Results now official in Tennessee primary elections

PHOTO: Jacob Baggett places a campaign sign at a polling place, Aug. 2, 2018, in Brentwood, Tenn.Mark Humphrey/AP
Jacob Baggett places a campaign sign at a polling place, Aug. 2, 2018, in Brentwood, Tenn. With three open seats among Tennessee's nine congressional districts, the state's U.S. House contingent is going to welcome some new faces into the fold. The partial makeover starts with Thursday's primaries.

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Former Democratic Gov. Phil Bredesen and Republican Rep. Marsha Blackburn have captured their party's nominations for the U.S. Senate in Tennessee, The Associated Press reported.

As for the state's gubernatorial race, former Nashville Mayor Karl Dean and has captured the Democratic nomination for governor, with Bill Lee capturing the nomination for the Republican party, The AP reported.

Tennesseans headed to the polls Thursday to vote in statewide and local elections, with support for President Donald Trump a factor in several races.

Polls were open to allow Tennesseans to decide who will be the Democratic and Republican party nominees for U.S. senator, governor, congressional seats, as well as nominees for office in state and local elections.

U.S. Senate Race

The closely-watched Senate primary races decided who would face off in the contest to replace Republican Sen. Bob Corker, who has announced he will retire at the end of his current term.

Bredesen and Blackburn ran for their respective party nominations against lesser-known candidates and were widely expected to be chosen as their party’s nominees.

Bredesen told his supporters Thursday night that "it's a real honor and pleasure to think about representing our state in Washington," adding that he will "be the best damn Senator."

Blackburn also released a statement after winning the nomination Thursday.

"Chuck and I are so grateful for the support shown to our campaign by so many volunteers from across the state. Today is a milestone and the beginning of the general election, and I am so grateful that you are entrusting me with the Republican nomination for United States Senate. We ask for your continued support as we work to earn every single vote and win in November," the statement read.

PHOTO: Former Gov. Phil Bredesen campaigns, Aug. 1, 2018, in Memphis, Tenn., in his bid for U.S. Senate.Republican U.S. Rep. Marsha Blackburn campaigns, Aug. 2, 2018, at a cafe in Brentwood, Tenn. AP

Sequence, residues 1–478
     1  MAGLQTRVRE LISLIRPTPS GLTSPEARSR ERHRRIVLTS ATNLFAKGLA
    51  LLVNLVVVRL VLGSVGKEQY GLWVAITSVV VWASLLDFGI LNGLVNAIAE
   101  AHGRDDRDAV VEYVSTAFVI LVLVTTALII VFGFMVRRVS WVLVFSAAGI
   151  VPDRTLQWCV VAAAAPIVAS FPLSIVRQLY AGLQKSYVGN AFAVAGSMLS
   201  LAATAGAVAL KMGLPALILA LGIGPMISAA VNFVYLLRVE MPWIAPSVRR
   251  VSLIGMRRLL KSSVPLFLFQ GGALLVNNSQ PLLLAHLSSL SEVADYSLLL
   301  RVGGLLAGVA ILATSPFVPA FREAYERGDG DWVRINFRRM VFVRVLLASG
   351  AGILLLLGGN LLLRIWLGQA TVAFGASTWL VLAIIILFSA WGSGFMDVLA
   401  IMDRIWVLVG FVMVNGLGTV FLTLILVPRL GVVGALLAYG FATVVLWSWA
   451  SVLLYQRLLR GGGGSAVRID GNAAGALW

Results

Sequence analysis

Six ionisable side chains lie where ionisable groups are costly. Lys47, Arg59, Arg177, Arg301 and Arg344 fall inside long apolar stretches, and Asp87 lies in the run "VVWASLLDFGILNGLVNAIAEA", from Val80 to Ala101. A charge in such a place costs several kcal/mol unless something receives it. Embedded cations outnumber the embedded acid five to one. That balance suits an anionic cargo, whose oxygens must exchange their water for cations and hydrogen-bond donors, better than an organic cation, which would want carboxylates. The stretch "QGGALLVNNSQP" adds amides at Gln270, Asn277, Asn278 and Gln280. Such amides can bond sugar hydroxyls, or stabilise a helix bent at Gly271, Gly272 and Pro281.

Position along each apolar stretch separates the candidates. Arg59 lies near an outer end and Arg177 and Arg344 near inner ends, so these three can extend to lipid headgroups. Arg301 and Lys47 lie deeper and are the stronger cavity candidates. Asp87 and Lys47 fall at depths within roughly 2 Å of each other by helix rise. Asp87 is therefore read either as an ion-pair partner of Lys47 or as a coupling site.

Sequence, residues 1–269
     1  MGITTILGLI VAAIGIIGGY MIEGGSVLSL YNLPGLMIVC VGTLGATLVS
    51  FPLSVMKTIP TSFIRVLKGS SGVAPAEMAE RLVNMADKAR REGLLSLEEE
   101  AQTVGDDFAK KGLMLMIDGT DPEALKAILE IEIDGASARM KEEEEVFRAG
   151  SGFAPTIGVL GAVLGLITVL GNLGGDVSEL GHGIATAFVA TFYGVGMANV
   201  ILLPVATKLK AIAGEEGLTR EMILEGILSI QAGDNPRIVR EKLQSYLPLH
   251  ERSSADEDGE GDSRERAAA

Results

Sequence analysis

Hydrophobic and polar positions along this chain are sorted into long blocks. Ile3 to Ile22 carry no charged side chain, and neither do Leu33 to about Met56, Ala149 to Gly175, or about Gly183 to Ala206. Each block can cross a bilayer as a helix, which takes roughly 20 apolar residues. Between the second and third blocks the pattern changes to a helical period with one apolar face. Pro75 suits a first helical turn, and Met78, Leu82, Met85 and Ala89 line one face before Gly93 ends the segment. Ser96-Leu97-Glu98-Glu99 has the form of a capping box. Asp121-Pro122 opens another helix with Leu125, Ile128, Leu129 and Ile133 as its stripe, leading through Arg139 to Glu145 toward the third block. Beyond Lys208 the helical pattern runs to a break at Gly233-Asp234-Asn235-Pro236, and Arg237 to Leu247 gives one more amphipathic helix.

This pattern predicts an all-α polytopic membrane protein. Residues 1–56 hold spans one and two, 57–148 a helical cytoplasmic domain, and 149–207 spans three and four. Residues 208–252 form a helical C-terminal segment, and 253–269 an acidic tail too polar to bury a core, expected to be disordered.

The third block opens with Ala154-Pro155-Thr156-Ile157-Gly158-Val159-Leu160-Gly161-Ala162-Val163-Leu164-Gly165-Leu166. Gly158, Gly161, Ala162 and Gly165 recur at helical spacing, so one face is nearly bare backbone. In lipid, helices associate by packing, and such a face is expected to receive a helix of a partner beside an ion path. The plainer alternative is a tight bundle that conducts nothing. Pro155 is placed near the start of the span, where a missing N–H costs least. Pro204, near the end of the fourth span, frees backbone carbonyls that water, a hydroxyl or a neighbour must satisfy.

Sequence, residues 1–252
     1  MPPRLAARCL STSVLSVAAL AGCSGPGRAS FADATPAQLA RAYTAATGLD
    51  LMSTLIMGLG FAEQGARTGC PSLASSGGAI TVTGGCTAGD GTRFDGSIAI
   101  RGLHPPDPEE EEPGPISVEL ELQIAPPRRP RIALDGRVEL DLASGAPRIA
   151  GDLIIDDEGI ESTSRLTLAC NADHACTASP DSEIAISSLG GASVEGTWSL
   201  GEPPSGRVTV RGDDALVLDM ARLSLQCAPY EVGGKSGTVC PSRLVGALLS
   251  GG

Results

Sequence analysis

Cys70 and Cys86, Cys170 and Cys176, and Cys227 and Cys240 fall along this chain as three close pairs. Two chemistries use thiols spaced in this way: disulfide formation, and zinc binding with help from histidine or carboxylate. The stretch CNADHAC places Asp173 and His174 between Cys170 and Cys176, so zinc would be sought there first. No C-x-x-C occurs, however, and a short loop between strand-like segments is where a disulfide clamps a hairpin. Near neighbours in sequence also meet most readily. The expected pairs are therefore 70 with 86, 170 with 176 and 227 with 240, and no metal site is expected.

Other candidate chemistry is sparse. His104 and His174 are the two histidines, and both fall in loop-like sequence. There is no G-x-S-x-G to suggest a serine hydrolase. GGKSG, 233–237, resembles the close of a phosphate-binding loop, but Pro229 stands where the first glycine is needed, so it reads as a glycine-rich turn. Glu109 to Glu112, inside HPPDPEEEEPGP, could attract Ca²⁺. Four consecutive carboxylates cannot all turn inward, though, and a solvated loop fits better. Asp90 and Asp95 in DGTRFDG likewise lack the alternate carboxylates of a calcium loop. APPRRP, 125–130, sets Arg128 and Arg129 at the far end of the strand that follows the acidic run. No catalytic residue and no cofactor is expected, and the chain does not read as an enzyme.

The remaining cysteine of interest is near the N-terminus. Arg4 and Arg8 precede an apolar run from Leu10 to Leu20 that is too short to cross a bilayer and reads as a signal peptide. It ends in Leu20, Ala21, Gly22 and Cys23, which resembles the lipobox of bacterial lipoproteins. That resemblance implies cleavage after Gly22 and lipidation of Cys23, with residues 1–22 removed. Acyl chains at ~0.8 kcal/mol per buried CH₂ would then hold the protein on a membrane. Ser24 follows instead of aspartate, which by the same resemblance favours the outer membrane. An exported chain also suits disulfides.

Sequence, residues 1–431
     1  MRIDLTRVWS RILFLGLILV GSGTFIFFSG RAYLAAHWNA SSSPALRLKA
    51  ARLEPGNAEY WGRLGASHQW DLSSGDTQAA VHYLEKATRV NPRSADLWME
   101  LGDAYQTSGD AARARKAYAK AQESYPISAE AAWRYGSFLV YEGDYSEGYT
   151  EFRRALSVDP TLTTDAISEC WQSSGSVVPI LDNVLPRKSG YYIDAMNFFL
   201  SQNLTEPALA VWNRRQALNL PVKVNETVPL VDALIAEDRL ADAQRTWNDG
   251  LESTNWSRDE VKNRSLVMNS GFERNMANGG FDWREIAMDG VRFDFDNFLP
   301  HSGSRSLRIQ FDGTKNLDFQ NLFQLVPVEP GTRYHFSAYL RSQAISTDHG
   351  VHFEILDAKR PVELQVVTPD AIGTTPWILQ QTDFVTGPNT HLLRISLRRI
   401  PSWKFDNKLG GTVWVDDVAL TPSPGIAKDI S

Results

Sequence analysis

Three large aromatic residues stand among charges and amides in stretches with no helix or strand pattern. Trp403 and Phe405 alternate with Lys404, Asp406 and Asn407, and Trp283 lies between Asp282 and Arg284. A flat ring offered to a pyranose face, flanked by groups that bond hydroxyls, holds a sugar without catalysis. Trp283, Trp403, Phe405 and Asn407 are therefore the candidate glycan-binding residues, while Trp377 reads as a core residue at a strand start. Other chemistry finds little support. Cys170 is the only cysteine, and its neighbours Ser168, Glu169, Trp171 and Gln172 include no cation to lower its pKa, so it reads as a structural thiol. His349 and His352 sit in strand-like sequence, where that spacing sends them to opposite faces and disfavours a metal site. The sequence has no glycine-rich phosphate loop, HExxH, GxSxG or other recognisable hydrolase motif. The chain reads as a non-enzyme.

Former Gov. Phil Bredesen campaigns, Aug. 1, 2018, in Memphis, Tenn., in his bid for U.S. Senate.Republican U.S. Rep. Marsha Blackburn campaigns, Aug. 2, 2018, at a cafe in Brentwood, Tenn.

Bredesen, a moderate Democrat, has distanced himself from fully supporting either party, saying he will work with Trump and support the president’s ideas if they are in the best interest of Tennessee.

Blackburn, a staunch conservative, ran a campaign that supported President Trump’s agenda. The president endorsed Blackburn in April and held a rally in Nashville for Blackburn in May.

Governor’s Race

Candidates in the gubernatorial primary ran to replace Republican Gov. Bill Haslam, who was blocked from running for a third term due to term limits. This election ended a long, expensive primary fight in which a record $51 million has been spent, including $41 million from the candidates themselves.

PHOTO: Rep. Diane Black speaks at anevent, July 21, 2018, in Cleveland, Tenn. House Speaker Beth Harwell participates in a gubernatorial candidate forum in Nashville, Tenn., Jan. 19, 2018. Randy Boyd participates in a gubernatorial candidate forum. AP
Rep. Diane Black speaks at anevent, July 21, 2018, in Cleveland, Tenn. House Speaker Beth Harwell participates in a gubernatorial candidate forum in Nashville, Tenn., Jan. 19, 2018. Randy Boyd participates in a gubernatorial candidate forum.

There were six candidates on the Republican side: Rep Diane Black, State House Speaker Beth Harwell, Randy Boyd, Bill Lee, Basil Marceaux Sr. and Kay White.

All the Republicans pledged loyalty to the president, but they all fought each other with radio and television ads and direct mail flyers.

PHOTO: Former Nashville, Tenn. Mayor Karl Dean participates in a gubernatorial candidate forum in Nashville, Jan. 19, 2018. Rep. Craig Fitzhugh, D-Ripley, participates in a gubernatorial candidate forum, Jan. 19, 2018, in Nashville, Tenn. Mark Humphrey/AP
Former Nashville, Tenn. Mayor Karl Dean participates in a gubernatorial candidate forum in Nashville, Jan. 19, 2018. Rep. Craig Fitzhugh, D-Ripley, participates in a gubernatorial candidate forum, Jan. 19, 2018, in Nashville, Tenn.

On the Democratic side, three candidates were fighting for the party’s nomination: former Nashville Mayor Karl Dean, State House Minority Leader Craig Fitzhugh, and Mezianne Vale Payne.

Polls in Tennessee closed at 8 p.m. Eastern, 7 p.m. Central.

ABC News will provide updates throughout Thursday evening.

ABC News' "18 for '18" project is an in-depth look at the key races and storylines defining the 2018 midterm elections.